Business Transformation: Real-Time Collaboration and Visibility – Creating a Proactive Supply Chain Network

Business Transformation: Real-Time Collaboration and Visibility – Creating a Proactive Supply Chain Network

Srinivasan Muthusrinivasan (JDA Software, USA)
DOI: 10.4018/978-1-4666-8228-3.ch009


Imagine when enterprises could capture the true picture of market dynamics from the very point of the demand-origin based on the customer behavior in an omni-channel environment, and have the ability to react to those demand swings with a near-zero latency? The top-line and bottom-line impact would be so huge that it would be a no-brainer for supply chain leaders to make the needed investment. Over these years, globalized network strategies such as source-anywhere, make-anywhere, and sell-anywhere have become an implementable reality. At the same time, the efficiency (economic profitability) of that very design continues to see risks due to several geo-political and macro-economic factors. For want of a nail, manufacturing and distribution companies face the risk of losing the shoe. In this chapter, the author outlines a prescriptive approach to manage such risks through synchronous collaborative planning and proactive supply chain visibility that would help enterprises not only continue to be agile but also remain profitable.
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It all begins with demand. A common demand planning practice is to forecast demand at higher levels of product-geography-time hierarchy owing to better forecast accuracy, and disaggregate down the higher-level forecasts to leaf-level sub-product groups and products. This approach is widely adopted due to the inability to represent a true accurate picture of lower-level forecasts that aligns with the customer behavior. Consumer preferences change by the day, and with several competitive alternative options flooding the market, a true statement of demand is best expressed at the point of sale (POS) (Doherty & Harrop, 2006) where demand is tangibly captured. This is the sell-through information, i.e., the space-time where the consumer places an order in an omni-channel ecosystem — be it a virtual store or a physical retail outlet. Thanks to the plethora of Internet-powered gadgets that provide encyclopedic visibility into a vast world of reviews, blogs, price history, deal options etc., the consumers of today are extremely well-researched and well-informed of their purchases and are no longer driven by brand consciousness. Brand loyalty has become a thing of the past. In a multi-channel or omni-channel fulfillment network, consumers have several choices beyond brick-and-mortar stores, such as online shops and mobile storefronts, to meet their individual and timely shopping needs. Be it for market scanning, pricing comparisons, order creation, tracking of shipments or following up on returns, the omni-channel experience offers it all to the end consumer. In such a competitive environment, companies and their brand names are as good as their best last game with no guarantees on entitlement value. And no guarantee on repeat purchases too.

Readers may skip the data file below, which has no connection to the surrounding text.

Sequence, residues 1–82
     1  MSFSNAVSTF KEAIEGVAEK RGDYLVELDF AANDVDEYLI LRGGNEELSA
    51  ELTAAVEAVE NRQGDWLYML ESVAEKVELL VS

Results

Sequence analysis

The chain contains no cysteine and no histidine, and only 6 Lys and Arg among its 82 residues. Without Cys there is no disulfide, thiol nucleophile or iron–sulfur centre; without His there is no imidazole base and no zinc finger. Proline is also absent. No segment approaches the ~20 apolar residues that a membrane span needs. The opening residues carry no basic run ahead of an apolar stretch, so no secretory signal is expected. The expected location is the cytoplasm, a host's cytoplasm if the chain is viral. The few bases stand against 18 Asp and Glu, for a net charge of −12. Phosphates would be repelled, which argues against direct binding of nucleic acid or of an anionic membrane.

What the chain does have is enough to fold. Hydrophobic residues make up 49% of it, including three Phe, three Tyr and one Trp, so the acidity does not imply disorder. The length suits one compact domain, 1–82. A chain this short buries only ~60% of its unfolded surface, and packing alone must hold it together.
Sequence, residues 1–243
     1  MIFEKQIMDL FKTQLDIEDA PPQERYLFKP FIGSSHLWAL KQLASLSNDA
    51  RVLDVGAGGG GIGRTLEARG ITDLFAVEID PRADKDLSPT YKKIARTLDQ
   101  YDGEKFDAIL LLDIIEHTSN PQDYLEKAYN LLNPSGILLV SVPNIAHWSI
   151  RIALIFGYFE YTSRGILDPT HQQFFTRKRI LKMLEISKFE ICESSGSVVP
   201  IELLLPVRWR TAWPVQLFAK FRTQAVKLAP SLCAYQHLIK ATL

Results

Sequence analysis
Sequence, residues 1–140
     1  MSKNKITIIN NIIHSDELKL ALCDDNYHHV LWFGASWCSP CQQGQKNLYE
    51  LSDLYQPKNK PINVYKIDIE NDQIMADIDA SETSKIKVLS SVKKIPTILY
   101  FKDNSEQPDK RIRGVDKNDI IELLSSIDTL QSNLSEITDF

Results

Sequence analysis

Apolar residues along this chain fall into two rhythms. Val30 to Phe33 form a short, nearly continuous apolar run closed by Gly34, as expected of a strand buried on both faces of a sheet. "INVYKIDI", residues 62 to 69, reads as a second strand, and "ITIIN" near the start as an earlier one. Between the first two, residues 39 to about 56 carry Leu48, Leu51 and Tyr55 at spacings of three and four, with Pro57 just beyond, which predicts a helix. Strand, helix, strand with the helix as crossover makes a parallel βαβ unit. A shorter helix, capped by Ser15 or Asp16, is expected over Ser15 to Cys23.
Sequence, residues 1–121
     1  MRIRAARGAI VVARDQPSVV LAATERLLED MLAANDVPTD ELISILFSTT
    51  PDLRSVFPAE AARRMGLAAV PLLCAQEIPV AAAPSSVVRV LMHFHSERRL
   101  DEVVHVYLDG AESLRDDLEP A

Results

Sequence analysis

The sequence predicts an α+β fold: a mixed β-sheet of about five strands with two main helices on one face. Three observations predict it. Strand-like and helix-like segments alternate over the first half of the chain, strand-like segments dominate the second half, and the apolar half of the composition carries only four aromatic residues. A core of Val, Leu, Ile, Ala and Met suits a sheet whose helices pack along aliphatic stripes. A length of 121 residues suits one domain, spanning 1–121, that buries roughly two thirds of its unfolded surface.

Top supply chains are cognizant of the fact that end consumers are the market kings. Hence, a lot goes into capturing that very customer behavior in real time and being able to utilize the critical first piece of information in aligning the upstream supply network resiliently and near-synchronously. The end goal is enabling every participating stakeholder in the network to sing to the same sheet of music (Barratt & Barratt, 2011). This synchronicity allows the enterprises to break the thick walls of secrecy within their internal and extended networks, helping them embark on a critical journey of transparent communication and collaboration with their multi-tier trading partners (Viswanathan, Widiarta, & Pilpani, 2007). Trading partner collaboration has been a topic of academic interest for more than a decade, and very few in the industry have really broken the inertial shackles of adopting near-time information capture and upstream dissemination to improve their supply chain performance. To a large extent, this status quo hasn’t changed much. The root cause of a reactive or panic-driven business-to-business (B2B) communication can be attributed to several factors such as myopic organizational goals, poor understanding of the value proposition of collaboration, turf protection, and sometimes misguided perception of a high total cost of ownership to operationalize a transparent collaboration platform. Thanks to significant innovational strides by best-in-class enterprise software solution providers of the day, the technological road to barriers of supply chain collaboration and visibility is a thing of the past. Establishing B2B information visibility through a collaborative platform has now become a templatized approach that enables companies to onboard themselves and their trading partners rapidly across the globe irrespective of their in-house technological constraints or readiness. The question at hand to those companies yet to adapt with the times is not how, but when? The critical message is to speak up and share, or be left behind in the race.

The author of this chapter, being a global supply chain Industry Principal and speaker himself for more than a decade, continues to see the need for trading partner collaboration all the more today and as a must-have in the future. For example:

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